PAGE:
Thursday, July 18, 2013

A Guided Tour of No Code: Off He Goes

[A Guided Tour of No Code]
On the surface Off He goes and Who You Are are treading similar ground. Who You Are is a song about accepting yourself for who you are and doesn’t move far beyond that point. Off He Goes, however, which offers us a window into a far more concrete internal debate (externalized through two characters), is not a song about accepting yourself. Instead it is a song about trying to make peace, which implies a current state of war. The song is trying to win a tenuous ceasefire. In that respect, Off He Goes may be closer to In My Tree than Who You Are. Both songs are trying to carve out the space to make self-development possible. And while both are, in certain ways, traveling songs, they are nevertheless grounded in particular places that the subject doesn’t want to remain in for much longer. And so both are uncertain songs, despite the surface confidence--although in My Tree is the more successful of the two in terms of internal resolution. 

Musically Off he Goes is beautiful--rich, deep, vibrant, full of weary dignity. But there is also something almost pristine about it. In an odd way the song moves beyond intimacy into something artificial. Off He Goes, more than any other song on No Code, feels like you are watching a character rather than experiencing what they are experiencing. Or, maybe better, the other songs invite you on stage, and Off He Goes asks you to remain in the audience. This is one of the only songs in the catalog without any rough edges or imperfections--there’s nothing here to make this real. Beautiful, but artificial. Crafted. It also (in conjunction with some heavy handed writing) gives the song a narcissistic at worst, self indulgent at best, feel that the rest of the record lacks (this may be because I treat this song as being about coming to grips with being famous, which isn’t very interesting at this point--Vitalogy exhausts this subject). 

It may make sense that the music puts up this subtle barrier (although I am sharing it, this is not really for you), since in many ways the lyrics create a space you are asked to observe, rather than participate. We watch our characters from a distance. We are told what to think. We are spectators, rather than actors.

So what are we watching? Off He Goes is a confrontation between the subject and a personification of elements of his personality that need to be more fully integrated into a stable self (wanderlust, passion, judgment, embattlement) Where this confrontation happens is unclear. I picture a living room, late at night, warm, firelit, a room surrounded by pictures, tangible memories. There is a rural, wood paneling feel to the place, presumably coming from the music. The subject is lost in memories, musings, bittersweet regrets. There is someone he cares deeply about who can’t stop running from (or fighting--probably both) the world around them. They are too afraid of stopping to slow down for very long, too busy denying the world to live in it. The imagery of the song is dominated once again (like who you are) by the language of travel and destination. And he has long been showing signs of fatigue and exhaustion. The wear and tear of living in opposition to the world, rather than embracing it. Still, there is a sense that the traveler wants to stop. He wants to come home. He wants to be at peace. The perfectly unkept hope.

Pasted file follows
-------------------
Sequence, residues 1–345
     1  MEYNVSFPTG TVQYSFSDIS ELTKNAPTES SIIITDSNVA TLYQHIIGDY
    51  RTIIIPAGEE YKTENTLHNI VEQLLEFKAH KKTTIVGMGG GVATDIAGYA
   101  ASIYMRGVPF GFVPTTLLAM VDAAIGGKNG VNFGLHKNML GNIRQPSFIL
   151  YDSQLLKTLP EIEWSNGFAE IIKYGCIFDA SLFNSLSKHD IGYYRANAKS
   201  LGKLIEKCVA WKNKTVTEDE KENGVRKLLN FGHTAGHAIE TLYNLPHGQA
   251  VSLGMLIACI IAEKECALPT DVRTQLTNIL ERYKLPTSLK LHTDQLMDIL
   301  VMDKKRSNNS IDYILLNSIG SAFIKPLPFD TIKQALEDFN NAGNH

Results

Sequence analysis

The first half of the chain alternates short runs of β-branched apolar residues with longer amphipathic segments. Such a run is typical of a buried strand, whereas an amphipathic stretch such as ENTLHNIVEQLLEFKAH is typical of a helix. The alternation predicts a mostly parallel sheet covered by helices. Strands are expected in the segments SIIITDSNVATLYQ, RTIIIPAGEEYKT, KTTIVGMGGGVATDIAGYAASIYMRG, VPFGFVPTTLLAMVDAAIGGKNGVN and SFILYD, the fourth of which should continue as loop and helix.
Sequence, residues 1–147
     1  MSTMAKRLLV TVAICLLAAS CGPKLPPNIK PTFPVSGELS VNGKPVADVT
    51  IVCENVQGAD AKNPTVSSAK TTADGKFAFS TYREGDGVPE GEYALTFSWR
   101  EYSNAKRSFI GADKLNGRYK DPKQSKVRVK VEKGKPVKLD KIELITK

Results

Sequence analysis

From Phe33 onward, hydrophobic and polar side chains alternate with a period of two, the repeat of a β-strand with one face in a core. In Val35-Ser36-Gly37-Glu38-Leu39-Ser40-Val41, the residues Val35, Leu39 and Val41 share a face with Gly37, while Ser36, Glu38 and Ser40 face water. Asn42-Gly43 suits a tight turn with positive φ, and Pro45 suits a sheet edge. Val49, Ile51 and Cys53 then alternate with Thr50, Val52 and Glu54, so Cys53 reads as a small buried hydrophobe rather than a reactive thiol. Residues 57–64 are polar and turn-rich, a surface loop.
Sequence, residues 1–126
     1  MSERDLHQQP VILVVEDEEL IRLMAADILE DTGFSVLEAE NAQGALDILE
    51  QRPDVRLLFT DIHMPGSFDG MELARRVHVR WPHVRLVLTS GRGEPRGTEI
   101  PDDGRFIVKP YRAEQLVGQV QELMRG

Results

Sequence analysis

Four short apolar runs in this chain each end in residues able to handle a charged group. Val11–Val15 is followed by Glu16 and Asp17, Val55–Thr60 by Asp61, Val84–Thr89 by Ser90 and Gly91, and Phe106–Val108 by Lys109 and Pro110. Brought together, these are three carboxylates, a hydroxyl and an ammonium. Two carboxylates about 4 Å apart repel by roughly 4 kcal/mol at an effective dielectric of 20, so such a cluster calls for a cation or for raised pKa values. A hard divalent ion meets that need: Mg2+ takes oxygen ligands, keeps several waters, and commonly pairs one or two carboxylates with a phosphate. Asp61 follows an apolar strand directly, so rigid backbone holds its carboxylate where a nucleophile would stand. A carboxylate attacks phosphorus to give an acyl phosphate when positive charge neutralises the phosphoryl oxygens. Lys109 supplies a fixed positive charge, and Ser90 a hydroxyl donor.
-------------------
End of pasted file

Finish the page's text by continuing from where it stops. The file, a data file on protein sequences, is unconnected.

And for at least a little while there is a sense he may get there. He comes home. He is reunited with the singer. They are together, whole, and there is the hope that no matter how complex and difficult our context becomes (the surrounding buillshit) the core of that relationship is soft enough to surrender and strong enough to endure.

It is a short lived victory, however. It is an aspirational peace, glimpsed, even grasped, but only for a fleeting moment. The desire to run, the pull of the road, the fear of stopping, the need to confront, the longing for escape. It is all too strong. And so the song ends where it begins. There is a moment of completeness that justifies holding on to hope, but the battle isn’t over. Peace isn’t there. At least not yet.

And so Off He Goes ends on a down note and kicks off a dark 4 song run that marks the low point on No Code’s spiritual journey, a block of songs where we fail to rise above our imperfections the way we do in the records opening run. Unfortunately, these are also some of the weaker songs on the record (with one very notable exception), and when the record itself tries to come full circle the material that is left may not be strong enough to do it.

Off He Goes
Red Mosquito
Present Tense
I'm Open
Around the Bend

No Code 
Riot Act 
Pearl Jam 

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